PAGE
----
I just left it. Was that good, bad, indifferent? Did he think I might want to jump him? I was lost. Huge build up to a big non-event. And it didn't make it easier to tell other people, over time I sort of got used to it, right up until one day when I said to myself, why the fuck do I have to keep telling people? So I stopped, I just decided to be myself, if they asked I'd say, straight people don't go around announcing their sexuality to the world, why should I?


I have to tell you I chickened out with my parents and wrote my mum a letter, that was short and sweet, and basically told her and my dad that, well you know that friend of mine, X, well we are actually more than just friends. I saw them soon after, I wasn't just going to leave it like that. Funny thing was, my dad had no problem with it, my mum got into blaming herself, and that took some time for her to get over. I don't think she was ever totally comfortable with it. 


I will just add that whilst adopting my attitude of telling if asked, I didn't hide or make a big deal out of things. Like at work when you are talking about what you did over the weekend for example. I remember very well telling a guy I worked with I’d been to Heaven (a big London gay disco) Saturday night with friends. He said to me, “but that's a gay club.” To which I replied, “Yes I know, I am gay!” He simply didn't believe me, telling me, no you aren't, you're not gay. I mean that really takes the biscuit doesn't it? When you have to come out and then convince someone that you really are gay!

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Unfortunately, I perceived a real pressure to stay in or risk losing the friends I had. It was funny because my introduction to sex was by two older boys when I was really young so, when they decided it was time for it to end, I was both hurt and confused. So it seems that somehow what we were doing was wrong? I already knew that our fathers would hurt us if he found out we were swiping their dirty magazines but, when we stopped because one boy simply stated “I have a girlfriend now...” that suddenly it just wasn’t right, and something that had to stop. I clearly got the message that it was okay in secret if friends who both want to look at the adult stuff together do it with each other. It’s even okay if they help each other out if they are close enough. As long as it didn’t get “too gay”. You also had to walk into that knowing at some point that it was going to end and if you wanted to keep that friend, it had to be no big deal when it did.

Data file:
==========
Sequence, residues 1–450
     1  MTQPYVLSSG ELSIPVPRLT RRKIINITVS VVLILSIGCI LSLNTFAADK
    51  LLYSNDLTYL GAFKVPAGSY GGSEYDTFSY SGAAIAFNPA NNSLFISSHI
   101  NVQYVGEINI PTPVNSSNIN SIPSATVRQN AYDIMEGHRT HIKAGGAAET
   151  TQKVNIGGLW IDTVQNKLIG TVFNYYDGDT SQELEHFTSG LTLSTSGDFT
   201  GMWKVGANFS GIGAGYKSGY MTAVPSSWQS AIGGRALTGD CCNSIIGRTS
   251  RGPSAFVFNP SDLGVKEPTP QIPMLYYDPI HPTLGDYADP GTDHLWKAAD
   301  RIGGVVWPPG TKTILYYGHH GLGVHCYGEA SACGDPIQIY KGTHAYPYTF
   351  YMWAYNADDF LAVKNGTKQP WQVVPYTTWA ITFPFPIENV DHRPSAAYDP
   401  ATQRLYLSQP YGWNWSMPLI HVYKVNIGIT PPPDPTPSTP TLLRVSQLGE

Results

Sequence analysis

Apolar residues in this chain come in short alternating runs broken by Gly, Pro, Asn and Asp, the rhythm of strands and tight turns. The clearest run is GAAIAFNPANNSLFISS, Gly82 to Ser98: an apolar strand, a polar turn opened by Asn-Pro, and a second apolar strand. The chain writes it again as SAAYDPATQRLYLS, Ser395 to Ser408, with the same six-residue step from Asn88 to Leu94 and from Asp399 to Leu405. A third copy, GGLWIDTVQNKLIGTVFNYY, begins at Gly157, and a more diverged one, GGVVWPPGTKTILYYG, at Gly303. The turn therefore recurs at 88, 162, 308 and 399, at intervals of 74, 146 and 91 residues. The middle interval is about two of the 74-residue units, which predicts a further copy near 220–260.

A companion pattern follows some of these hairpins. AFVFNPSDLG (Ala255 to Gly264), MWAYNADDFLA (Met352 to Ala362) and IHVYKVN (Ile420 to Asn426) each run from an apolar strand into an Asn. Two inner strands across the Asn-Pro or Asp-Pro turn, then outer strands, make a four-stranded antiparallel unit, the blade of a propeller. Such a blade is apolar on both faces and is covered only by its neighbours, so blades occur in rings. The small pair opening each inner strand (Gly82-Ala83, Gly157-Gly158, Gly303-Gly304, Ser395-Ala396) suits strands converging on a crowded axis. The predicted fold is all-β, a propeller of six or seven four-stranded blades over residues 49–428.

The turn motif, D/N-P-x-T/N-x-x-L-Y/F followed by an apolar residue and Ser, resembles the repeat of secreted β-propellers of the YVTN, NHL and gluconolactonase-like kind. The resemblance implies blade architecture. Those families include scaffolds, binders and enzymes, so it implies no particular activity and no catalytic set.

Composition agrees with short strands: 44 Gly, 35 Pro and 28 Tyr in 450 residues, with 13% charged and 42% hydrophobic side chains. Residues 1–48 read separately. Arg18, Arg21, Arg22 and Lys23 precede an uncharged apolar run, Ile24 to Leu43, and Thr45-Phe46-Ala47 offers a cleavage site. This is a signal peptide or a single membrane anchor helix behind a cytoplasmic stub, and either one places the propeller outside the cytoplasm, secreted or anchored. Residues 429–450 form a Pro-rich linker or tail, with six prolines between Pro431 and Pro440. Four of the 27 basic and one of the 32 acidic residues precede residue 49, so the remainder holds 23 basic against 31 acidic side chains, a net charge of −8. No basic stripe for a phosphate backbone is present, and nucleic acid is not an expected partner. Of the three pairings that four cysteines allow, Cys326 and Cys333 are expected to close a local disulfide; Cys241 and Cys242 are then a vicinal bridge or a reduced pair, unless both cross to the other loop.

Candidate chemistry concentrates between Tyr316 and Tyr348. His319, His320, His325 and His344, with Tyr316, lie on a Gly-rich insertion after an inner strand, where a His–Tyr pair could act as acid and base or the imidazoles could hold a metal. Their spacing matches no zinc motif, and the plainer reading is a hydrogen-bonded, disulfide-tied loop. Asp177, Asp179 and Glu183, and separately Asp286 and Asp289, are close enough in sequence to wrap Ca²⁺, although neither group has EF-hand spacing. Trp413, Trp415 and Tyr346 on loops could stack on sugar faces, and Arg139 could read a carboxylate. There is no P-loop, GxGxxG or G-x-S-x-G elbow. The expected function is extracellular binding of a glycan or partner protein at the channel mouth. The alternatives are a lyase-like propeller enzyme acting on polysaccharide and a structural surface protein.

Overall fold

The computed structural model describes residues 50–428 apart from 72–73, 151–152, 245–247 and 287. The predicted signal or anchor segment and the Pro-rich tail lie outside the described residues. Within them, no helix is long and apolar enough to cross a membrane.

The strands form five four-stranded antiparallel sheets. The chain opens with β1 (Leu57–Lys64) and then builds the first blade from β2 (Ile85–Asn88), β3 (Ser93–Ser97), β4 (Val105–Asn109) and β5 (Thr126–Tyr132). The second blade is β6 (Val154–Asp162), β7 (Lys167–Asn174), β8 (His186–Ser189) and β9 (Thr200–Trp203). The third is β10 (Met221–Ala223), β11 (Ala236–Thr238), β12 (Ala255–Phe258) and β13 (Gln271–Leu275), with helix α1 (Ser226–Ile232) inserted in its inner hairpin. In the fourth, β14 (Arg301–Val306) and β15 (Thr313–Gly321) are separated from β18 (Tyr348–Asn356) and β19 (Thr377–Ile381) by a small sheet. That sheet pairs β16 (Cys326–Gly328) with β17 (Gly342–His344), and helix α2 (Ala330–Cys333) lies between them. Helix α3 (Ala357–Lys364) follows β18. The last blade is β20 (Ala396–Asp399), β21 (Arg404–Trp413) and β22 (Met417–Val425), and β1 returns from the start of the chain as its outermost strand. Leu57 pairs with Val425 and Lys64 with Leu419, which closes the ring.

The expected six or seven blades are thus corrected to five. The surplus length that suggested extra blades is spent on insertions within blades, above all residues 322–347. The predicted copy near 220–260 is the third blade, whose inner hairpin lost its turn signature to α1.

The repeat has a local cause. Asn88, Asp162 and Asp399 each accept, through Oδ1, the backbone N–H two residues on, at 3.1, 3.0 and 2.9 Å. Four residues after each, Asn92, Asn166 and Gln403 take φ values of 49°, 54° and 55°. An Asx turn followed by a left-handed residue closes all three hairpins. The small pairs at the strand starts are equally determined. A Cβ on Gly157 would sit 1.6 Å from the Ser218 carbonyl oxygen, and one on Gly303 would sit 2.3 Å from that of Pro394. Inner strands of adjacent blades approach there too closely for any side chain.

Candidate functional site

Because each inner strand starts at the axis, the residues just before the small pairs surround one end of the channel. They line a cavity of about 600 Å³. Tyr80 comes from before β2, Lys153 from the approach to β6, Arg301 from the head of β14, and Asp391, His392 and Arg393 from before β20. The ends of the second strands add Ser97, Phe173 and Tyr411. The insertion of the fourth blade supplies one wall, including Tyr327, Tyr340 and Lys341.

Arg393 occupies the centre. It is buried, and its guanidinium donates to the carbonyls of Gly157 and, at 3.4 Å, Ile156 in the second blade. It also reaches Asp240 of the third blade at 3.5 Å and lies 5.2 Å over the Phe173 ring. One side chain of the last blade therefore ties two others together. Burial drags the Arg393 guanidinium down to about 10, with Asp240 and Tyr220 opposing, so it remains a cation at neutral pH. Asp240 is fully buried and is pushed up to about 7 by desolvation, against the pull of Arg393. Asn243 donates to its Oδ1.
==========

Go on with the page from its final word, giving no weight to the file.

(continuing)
I would mess around with a few friends, develop a secret crush on each one and because they were open to it, mess around with them sexually and pretend it was mutual. But the second a girl came into the mix, it was all over. By my late teens, I simply gave up on anyone accepting me as a gay male and being interested in a loving relationship that would last. It was only with other teens too. There was one adult when I was still preteen but that got violent and hurt me so I never felt that way toward an older male again. It was miserable and lonely but, I had friends and most of my family was there for me so, I felt I had a lot to lose if I came out. So I just didn’t. 


It wasn’t until I turned 30 that I finally told my family and close friends. It took a while for my family to get used to the idea but, I was still just “me” to them. In some areas I began to make sense to them now. Some of my friends didn’t take the news well, even started bashing me behind my back (so they thought) so, I did lose some friends along the way. That was what I expected though so, it sucked to not be proven wrong.


Today, I’m careful but I don’t hide it from anyone. Granted, I don’t give any real reason to be questioned either. I recently had a coworker tell me a gay joke and laughing he said “I hope you’re not gay.” and I laughed back I replied “I am but that was funny.” Then continued the conversation. It’s not the 80’s anymore and I believe most of the people around us know that anyone could be gay so they aren’t as shocked when they learn that you are. Sure, good old fashioned homophobic people are still out there but, I don’t care what they think of me anymore. Not like when I was a kid...



Edited by JeffsFort